However, even if digestive symptoms aren’t a major complaint, it is still worth looking at gut health when developing a treatment plan for many other conditions.
For example, autoimmune disease always has a component of leaky gut.
Here is a list of some of the conditions that may benefit from a gut healing approach:
- Digestive symptoms: gas, bloating, constipation
- Leaky gut
- SIBO – small intestine bacterial overgrowth
- IBS or IBD
- Depression and anxiety
- Skin conditions: eczema, hives, psoriasis
- Headaches and migraines
- Memory and cognitive impairment
- Poor detoxification
- Estrogen dominance
- Poor immunity
- Autoimmune diseases
- Food and environmental allergies
- Mold toxicity and other toxin exposures
- Nutrient deficiencies
The 5Rs – Gut Restoration Program
In my practice, I use Functional Medicine testing including comprehensive stool testing, to get a good picture of what is going on in the digestive tract as far as microbiome health, presence of any pathogens, inflammation and digestive function.
This testing allows me to personalize the 5R protocol for each patient.
5R stands for: Remove, Replace, Reinoculate, Repair and Rebalance.
Let’s dive into each R now.
Remove refers to removing anything that is irritating or damaging to the digestive system along with treating any infections.
- Remove inflammatory foods and foods you are sensitive to. This may require a food sensitivity test or completing an elimination diet. Following a Paleo diet is a good place to start and then the approach can be personalized from there.
- Remove food additives and artificial sweeteners.
- Remove medications, such as NSAIDs, that are contributing to issues. Be sure to talk with your doctor about prescription medication before making changes.
- Treat gut infections per testing.
With the remove phase we take out what is not needed and with the replace phase we add in what is missing for healthy digestive function.
- Hydrochloric acid and pepsin (for protein digestion)
- Digestive enzymes (for protein, carbohydrate and fat digestion)
- Bile salts
- Digestive bitters to stimulate the body’s own production of acid and enzymes
Repair and heal the lining of the digestive system and correct leaky gut.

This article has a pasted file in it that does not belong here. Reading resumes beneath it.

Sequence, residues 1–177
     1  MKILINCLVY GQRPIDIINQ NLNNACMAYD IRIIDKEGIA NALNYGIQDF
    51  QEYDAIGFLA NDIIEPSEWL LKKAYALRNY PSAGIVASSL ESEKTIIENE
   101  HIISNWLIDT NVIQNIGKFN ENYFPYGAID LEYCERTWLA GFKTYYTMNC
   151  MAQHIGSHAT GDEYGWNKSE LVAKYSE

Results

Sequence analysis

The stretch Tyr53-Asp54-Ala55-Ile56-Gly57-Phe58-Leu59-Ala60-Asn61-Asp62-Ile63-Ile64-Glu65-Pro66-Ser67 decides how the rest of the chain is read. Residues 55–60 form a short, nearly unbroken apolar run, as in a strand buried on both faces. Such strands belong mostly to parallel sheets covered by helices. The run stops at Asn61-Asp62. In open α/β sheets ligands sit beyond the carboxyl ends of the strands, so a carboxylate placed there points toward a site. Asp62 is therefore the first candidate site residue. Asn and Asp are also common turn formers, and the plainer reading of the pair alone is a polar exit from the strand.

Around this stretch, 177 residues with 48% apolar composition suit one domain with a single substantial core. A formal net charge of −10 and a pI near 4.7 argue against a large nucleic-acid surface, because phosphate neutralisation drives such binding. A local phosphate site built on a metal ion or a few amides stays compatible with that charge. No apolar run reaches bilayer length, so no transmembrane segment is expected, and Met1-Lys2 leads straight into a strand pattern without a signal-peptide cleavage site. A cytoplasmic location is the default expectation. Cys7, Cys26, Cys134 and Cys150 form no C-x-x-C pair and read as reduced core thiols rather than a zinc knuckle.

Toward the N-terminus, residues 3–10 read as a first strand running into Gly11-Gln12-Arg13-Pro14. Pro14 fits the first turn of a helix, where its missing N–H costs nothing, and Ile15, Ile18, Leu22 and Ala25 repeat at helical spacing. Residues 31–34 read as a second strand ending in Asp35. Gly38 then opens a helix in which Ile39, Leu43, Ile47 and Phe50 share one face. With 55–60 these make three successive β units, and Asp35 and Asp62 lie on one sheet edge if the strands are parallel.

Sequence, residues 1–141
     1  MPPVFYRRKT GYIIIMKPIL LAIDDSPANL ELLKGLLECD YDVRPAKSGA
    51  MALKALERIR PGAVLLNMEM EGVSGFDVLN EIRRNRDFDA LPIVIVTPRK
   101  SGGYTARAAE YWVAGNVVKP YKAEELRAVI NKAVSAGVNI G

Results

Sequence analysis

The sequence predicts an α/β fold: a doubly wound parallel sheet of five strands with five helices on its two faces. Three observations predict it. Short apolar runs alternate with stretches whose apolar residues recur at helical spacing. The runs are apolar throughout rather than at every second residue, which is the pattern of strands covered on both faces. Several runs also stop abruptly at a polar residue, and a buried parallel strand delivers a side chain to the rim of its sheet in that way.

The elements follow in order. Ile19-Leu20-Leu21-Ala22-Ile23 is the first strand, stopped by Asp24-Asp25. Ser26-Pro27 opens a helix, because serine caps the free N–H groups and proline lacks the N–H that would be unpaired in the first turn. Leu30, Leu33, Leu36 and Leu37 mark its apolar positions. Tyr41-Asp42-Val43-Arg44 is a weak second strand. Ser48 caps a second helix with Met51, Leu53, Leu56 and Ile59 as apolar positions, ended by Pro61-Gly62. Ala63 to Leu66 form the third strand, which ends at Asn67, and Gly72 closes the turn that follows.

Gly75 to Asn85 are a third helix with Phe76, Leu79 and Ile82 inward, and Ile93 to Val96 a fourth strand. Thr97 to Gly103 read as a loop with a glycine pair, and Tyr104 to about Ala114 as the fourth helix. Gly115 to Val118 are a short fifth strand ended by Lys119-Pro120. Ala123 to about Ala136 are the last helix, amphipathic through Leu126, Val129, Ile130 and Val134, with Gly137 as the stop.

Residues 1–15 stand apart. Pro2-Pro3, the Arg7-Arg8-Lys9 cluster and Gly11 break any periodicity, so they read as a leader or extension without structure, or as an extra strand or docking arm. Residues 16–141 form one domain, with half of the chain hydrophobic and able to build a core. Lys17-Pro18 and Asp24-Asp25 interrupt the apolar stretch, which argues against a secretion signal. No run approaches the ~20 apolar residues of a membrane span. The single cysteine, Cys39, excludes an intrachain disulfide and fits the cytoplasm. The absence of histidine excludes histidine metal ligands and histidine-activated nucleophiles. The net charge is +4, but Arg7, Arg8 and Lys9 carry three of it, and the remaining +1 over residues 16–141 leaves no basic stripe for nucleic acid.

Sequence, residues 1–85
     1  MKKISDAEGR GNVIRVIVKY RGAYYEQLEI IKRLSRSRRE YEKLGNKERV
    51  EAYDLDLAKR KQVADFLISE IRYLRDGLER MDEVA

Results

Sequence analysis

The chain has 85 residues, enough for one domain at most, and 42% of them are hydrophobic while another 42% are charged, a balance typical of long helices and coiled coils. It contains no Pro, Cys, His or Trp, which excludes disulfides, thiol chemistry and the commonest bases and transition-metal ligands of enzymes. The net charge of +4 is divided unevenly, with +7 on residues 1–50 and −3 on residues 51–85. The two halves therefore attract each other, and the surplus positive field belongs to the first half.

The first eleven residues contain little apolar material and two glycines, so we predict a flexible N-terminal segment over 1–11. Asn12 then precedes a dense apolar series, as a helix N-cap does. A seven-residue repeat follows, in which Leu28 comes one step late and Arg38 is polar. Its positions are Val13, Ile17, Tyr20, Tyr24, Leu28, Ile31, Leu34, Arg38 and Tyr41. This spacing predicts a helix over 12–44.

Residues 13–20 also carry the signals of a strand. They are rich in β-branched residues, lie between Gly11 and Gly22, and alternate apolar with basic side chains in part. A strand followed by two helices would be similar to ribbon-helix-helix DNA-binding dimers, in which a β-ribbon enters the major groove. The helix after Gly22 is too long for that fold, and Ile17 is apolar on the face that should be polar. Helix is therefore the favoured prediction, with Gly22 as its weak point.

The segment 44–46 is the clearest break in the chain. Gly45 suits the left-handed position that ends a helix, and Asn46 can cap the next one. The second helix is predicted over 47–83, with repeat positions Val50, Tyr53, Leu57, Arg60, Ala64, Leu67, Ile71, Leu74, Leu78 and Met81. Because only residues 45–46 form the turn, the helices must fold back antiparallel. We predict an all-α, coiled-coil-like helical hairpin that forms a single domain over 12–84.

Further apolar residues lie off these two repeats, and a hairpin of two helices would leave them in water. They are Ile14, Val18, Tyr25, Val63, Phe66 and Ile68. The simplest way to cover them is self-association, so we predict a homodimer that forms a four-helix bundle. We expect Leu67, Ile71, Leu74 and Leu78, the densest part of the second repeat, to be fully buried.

Specific nutrients and herbs help support the repair stage:
- Vitamins including vitamins A, C and D
- Zinc (as zinc carnosine)
- Omega-3 fats
- The amino acid, l-glutamine, as a supplement and from collagen protein or bone broth
- Soothing, mucilaginous herbs such as aloe, marshmallow and DGL GI Restore Powder
Combination products, such as GI Restore Powder include several of these nutrients and herbs in a single formula.
Reinoculate means to repopulate the beneficial bacteria that make up the microbiome. Testing gives clues about specific levels and imbalances and is useful for recommending specific probiotic supplements and dietary strategies.
- Reinoculate beneficial bacteria with probiotic supplements and fermented foods. Small amounts of fermented foods such as sauerkraut, miso and kefir are added to daily meals as tolerated.
- Increase prebiotics in order to feed the probiotics, help them proliferate and establish robust colonies. Prebiotic foods include: berries, artichokes, onions, garlic, asparagus, chicory, burdock root, bananas, green banana flour, potato starch, leafy green veggies and others.
- Including a prebiotic fiber supplement may be helpful for some as well. My Exceed Greens + Reds is a great option; it is an all-in-one option, with pre-biotics, probiotics, digestive enzymes, and fiber.
Rebalance means to look deeper into the issues that contributed to the imbalances in the first place and often times these are lifestyle factors. Keep the GI tract healthy and happy by prioritizing sleep, stress management and movement.
The digestive system works best when the nervous system is in a parasympathetic or “rest and digest” state. When we are constantly stressed and in “fight or flight” digestion is compromised. Eating while relaxed improves digestion and absorption considerably. Even a few deep breaths before a meal helps.
Also, meditation, yoga, breathing exercises, journaling and other self-care tools have many benefits including maintaining all of the progress you’ve made with your 5 R protocol.
As a Certified Functional Medicine physician, many people come to me for help uncovering the root cause (or causes) to their symptoms and diagnoses. When I peel back the layers, more often than not, I find gut issues as a contributing factor. This is true for those with digestive complaints as well as those without.
The goal of the 5R protocol is to heal the gut in order to restore the natural balance to the digestive system. I love this approach, because just like my entire approach to medicine, it is personalized for each individual.
Healing the gut has benefits throughout the body and remarkably foundational for health and well-being.